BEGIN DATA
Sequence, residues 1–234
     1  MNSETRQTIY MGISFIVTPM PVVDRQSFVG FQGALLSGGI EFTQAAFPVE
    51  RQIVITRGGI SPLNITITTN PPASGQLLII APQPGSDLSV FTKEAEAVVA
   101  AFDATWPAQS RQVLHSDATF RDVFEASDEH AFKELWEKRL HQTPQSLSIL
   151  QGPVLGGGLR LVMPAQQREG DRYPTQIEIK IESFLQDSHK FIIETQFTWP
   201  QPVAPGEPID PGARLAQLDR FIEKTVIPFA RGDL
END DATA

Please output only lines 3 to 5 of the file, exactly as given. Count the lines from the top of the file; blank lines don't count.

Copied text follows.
    51  RQIVITRGGI SPLNITITTN PPASGQLLII APQPGSDLSV FTKEAEAVVA
   101  AFDATWPAQS RQVLHSDATF RDVFEASDEH AFKELWEKRL HQTPQSLSIL
   151  QGPVLGGGLR LVMPAQQREG DRYPTQIEIK IESFLQDSHK FIIETQFTWP